Sheba is one of our two female lions and is shorter in stature than Reina. Sheba does not have a brown tuft of hair on her tail that lions are known for. She is the smallest of the pride she lives with and our smallest lion in the sanctuary. Sheba enjoys bossing Sebastian and Tarzan around, always ensuring she eats first and that they defer to her. Sheba can often be found sitting atop her denbox keeping and eye on the sanctuary, and ensuring she is the first one to the fence when the food truck comes around.
Born January 1, 2002
Rescued November 12, 2010
How Sheba Came to the Sanctuary
Sheba was originally used as a “Pay-to-Pet” cub in Mexico and was walked up and down the beaches on a leash. When she was about 6 months old her owner decided she was too much to handle and she was rescued and sent to the Wild Animal Orphanage (WAO) in Texas. WAO shut down in 2010 and over 300 animals had to be rehomed. Carolina Tiger Rescue rescued 10 animals including 3 lions and 7 tigers.
Sheba is the lion in charge in her pride. She is often food aggressive and picks on the boys but shows them affection also. Sheba is the lion who is up and around most often of the three and patrols their territory very diligently. Sheba loves to catch and kill the black vultures that hang too close to her. It is not a surprise to anyone that at 6 months of age she became too much to handle and could no longer be walked on a leash. The good news is the owner found her a safe place to live and she eventually was able to be rehomed here at Carolina Tiger Rescue.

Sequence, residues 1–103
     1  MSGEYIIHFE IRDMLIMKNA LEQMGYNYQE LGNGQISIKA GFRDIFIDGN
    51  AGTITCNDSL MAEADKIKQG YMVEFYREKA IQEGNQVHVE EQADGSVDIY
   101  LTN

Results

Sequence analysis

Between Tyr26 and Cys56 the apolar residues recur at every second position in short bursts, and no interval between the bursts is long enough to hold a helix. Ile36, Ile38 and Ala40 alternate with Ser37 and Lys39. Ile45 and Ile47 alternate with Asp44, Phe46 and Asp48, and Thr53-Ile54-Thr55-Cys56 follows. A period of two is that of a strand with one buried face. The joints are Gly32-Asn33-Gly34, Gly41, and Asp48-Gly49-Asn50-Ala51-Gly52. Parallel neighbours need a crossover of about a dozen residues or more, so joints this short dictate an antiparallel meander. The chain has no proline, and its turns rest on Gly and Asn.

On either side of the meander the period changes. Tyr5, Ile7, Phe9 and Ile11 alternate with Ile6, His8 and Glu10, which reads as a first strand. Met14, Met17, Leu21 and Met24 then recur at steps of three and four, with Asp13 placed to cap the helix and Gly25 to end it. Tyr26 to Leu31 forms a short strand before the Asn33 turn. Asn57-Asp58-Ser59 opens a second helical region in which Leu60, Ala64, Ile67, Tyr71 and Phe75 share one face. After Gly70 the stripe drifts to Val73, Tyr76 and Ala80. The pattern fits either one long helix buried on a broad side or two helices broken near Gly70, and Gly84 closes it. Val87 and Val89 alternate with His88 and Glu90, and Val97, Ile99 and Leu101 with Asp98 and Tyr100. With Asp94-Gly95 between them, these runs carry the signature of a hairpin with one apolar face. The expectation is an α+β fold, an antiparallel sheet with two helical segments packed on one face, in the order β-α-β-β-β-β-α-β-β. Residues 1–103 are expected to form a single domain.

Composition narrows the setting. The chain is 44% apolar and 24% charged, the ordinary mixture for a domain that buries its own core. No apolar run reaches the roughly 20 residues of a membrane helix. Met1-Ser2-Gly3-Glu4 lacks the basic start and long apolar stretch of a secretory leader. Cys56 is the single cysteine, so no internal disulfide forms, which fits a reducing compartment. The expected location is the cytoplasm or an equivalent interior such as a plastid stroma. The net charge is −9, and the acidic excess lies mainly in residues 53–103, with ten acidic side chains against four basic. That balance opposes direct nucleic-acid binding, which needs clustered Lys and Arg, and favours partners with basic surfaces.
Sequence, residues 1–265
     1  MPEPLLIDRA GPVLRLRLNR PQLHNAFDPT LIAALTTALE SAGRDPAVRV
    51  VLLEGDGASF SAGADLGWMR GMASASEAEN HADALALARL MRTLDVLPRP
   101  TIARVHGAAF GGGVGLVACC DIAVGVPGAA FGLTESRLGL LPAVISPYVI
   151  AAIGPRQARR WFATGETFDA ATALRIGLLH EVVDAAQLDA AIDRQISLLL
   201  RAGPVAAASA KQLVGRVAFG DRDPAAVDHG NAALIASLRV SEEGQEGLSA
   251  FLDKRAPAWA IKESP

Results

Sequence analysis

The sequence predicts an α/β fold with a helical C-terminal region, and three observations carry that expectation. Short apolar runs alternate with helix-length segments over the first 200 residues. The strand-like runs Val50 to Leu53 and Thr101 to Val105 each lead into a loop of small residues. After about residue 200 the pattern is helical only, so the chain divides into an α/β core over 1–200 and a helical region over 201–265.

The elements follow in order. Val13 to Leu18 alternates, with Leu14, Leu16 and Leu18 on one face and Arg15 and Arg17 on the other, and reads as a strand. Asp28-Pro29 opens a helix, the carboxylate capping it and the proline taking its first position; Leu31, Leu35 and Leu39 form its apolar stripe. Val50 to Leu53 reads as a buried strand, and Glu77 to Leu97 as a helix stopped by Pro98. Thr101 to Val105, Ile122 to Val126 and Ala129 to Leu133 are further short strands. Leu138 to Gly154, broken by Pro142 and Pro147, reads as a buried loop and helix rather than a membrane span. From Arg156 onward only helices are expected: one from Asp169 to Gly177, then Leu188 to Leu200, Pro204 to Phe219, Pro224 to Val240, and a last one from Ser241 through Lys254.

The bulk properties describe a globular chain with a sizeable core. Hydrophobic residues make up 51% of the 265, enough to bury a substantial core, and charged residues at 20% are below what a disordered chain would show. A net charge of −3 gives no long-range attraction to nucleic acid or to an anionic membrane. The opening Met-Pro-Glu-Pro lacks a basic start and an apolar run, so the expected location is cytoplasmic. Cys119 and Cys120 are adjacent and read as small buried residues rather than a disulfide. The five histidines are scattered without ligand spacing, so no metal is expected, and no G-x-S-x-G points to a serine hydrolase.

Sheba is the smallest lion of our 5 lions but definitely has one of the biggest attitudes. Sheba is missing the brown tuft of hair on the end of her tail and it is not known if it is due to an injury or she was born without it.
Sheba is located on Oak Hill with Sebastian and Tarzan and her enclosure is flanked between Roman and Reina Lions on one side and Kaela Tiger on the other side.
Before rescued by the Wild Animal Orphanage, Sheba was walked up and down the beaches of Cancun as a "Pay-to-Pet" Cub. This is when the public is able, typically for a fee, to take pictures with and play with baby wild animals. This is a huge detriment to the animals involved. The cubs that are used for "cub petting" are taken from mothers within days of their birth so they do not imprint on their mothers as well as so their mother will go back into heat and she can have more babies. These cubs are also often sedated to prevent them from being too playful with the public. A playful cub can often inflict harm on a human unintentionally, as they have sharp claws and teeth. These cubs are also underfed to keep them small, and to keep them hungry so they will be interested in the bottle of milk the public usually holds to keep the animal still on their lap. These cubs can only legally be used for the first couple months of their lives then they are deemed too dangerous, which leads many of them to be destroyed, sold into the pet trade, or to roadside zoos